Over the next few years, more development was planned and built north of the ski lifts, though the majority of the lodges and nightlife continued to be found around the gondola base. In 1971, the Andrews announced a major investment of $100,000 (today about $1.35 million) in their Ski Boot property, now called the Ski Boot Lodge Hotel, to turn it into “Whistler’s Largest and Most Complete Tourist Resort.” They proposed to add a full-service dining room, cocktail lounge, beer parlour, convention facilities, laundromat, Finnish sauna, and additional accommodations, along with plans for live entertainment and a bus to transport skiers between the lifts and the lodge (the purple bus became known to some as the “Purple People Eater,” no double from the 1958 song). The beer parlour opened to the public (guests and residents alike) in January 1972, with the dining room following that March. The lodge also introduced two new members of staff that season: two St. Bernard puppies named Ski and Boot. While rates did increase during the period, the Ski Boot continued to be known for reasonable prices.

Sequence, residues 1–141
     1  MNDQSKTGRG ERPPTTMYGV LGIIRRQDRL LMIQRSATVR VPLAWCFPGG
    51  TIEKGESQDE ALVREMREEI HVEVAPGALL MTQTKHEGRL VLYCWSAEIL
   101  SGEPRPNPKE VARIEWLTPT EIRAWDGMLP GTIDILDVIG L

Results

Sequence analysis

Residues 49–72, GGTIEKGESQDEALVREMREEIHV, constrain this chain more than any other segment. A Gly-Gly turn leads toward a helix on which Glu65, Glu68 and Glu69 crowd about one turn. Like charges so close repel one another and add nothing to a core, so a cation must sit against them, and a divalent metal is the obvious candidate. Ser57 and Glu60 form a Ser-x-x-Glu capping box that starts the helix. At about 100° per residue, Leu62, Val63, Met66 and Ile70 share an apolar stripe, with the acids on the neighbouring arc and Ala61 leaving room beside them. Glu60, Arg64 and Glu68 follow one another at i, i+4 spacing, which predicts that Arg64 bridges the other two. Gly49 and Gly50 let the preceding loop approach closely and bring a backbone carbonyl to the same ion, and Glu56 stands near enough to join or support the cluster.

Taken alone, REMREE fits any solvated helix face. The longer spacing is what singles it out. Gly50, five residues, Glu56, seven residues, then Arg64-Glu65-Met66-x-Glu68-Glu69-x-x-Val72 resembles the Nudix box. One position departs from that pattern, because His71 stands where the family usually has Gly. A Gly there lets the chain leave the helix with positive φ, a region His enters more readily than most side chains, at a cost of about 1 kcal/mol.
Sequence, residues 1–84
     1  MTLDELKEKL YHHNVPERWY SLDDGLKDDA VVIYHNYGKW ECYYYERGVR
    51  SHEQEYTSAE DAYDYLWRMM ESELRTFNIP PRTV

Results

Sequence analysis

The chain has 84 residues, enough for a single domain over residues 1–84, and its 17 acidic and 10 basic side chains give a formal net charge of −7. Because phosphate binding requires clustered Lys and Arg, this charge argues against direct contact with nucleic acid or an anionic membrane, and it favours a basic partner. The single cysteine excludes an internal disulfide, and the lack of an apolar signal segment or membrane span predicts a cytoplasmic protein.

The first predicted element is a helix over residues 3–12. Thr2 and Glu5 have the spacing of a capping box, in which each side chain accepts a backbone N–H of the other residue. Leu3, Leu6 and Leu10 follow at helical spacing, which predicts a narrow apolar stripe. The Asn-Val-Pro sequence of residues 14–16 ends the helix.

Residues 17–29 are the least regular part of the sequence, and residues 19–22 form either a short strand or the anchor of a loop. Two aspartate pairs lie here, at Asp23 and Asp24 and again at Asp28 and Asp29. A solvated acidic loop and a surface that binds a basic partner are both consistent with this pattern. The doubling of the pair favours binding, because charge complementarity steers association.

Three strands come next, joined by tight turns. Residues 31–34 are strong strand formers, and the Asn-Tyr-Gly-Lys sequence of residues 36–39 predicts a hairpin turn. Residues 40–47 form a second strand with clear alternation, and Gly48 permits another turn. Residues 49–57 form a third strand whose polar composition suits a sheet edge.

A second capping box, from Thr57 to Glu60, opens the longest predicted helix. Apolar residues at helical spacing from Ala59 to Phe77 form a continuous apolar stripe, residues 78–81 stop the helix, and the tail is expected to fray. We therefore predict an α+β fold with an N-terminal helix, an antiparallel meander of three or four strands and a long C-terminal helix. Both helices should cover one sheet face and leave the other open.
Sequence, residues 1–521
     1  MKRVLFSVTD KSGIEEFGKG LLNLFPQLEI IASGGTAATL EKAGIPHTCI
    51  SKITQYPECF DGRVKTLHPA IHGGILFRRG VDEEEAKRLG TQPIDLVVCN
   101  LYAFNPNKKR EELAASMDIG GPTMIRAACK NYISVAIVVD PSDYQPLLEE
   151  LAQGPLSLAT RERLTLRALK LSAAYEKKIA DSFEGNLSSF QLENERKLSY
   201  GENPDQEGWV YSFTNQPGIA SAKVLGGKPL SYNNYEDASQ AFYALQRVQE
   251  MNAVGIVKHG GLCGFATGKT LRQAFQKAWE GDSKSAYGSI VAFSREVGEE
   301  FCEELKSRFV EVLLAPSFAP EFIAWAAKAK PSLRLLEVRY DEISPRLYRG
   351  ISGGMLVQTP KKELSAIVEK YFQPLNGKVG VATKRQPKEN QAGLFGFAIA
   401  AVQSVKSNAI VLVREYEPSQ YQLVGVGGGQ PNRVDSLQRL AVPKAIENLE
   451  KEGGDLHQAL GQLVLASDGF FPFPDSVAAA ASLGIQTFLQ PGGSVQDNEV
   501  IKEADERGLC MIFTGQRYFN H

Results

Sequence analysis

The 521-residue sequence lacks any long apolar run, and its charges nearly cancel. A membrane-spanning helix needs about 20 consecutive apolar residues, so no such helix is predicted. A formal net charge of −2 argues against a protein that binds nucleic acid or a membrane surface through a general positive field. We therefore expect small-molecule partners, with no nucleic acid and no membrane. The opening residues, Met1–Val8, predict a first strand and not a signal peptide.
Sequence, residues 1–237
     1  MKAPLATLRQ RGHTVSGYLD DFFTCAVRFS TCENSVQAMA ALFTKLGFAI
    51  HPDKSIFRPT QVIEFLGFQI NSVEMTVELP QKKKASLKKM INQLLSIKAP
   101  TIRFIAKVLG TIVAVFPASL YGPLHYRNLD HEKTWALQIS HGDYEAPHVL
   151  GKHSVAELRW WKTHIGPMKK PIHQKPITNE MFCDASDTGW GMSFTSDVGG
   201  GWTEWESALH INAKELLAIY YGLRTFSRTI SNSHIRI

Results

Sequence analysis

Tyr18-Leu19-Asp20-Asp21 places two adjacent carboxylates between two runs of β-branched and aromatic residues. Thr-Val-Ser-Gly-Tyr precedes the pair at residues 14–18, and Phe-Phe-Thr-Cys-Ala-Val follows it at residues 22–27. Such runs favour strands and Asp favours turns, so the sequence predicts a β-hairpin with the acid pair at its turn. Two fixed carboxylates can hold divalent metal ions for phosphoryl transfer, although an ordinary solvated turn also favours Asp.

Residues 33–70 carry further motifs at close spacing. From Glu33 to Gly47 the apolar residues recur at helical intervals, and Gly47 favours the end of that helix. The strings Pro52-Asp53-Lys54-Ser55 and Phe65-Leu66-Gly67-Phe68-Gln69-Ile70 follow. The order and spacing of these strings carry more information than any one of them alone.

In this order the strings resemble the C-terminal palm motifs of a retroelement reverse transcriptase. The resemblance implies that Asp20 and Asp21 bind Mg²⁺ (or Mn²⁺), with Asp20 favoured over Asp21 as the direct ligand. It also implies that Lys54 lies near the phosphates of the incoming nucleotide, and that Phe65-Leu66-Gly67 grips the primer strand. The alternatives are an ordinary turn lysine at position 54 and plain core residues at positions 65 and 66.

The Ski Boot Hotel and Bus, with additions under construction. WMSC Collection

The Andrews reportedly sold the Ski Boot Lodge Hotel for $350,000 in 1973, though not much is known about this period. Over the next few decades, the property was sold numerous times and went by various names, including the White Gold Inn (during which time exotic dancing was first introduced), Fitzsimmons Lodge, Bavarian Inn, and the Shoestring Lodge. The term “Boot,” however, continued to be associated with the property and specifically the Boot Pub.

Despite being located outside of both the gondola base and later the Whistler Village, the Andrews’ early commitment to reasonable rates and additions to the original lodge laid the foundation for the Boot to grow into an institution as the Whistler area continued to develop and grow. Though it closed its doors in 2006 and was then demolished, many residents and visitors still fondly share their stories of times spent at the Boot, whether they stayed there when they first arrived in Whistler, ate at Gaitors as a child, or spent memorable evenings at the bar.